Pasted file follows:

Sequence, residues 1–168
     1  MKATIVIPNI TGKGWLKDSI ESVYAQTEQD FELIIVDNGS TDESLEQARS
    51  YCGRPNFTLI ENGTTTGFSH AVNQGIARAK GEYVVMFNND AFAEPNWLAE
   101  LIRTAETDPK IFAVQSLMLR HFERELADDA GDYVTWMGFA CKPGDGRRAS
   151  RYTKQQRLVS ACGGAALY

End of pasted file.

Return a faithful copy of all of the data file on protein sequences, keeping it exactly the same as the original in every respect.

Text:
Sequence, residues 1–168
     1  MKATIVIPNI TGKGWLKDSI ESVYAQTEQD FELIIVDNGS TDESLEQARS
    51  YCGRPNFTLI ENGTTTGFSH AVNQGIARAK GEYVVMFNND AFAEPNWLAE
   101  LIRTAETDPK IFAVQSLMLR HFERELADDA GDYVTWMGFA CKPGDGRRAS
   151  RYTKQQRLVS ACGGAALY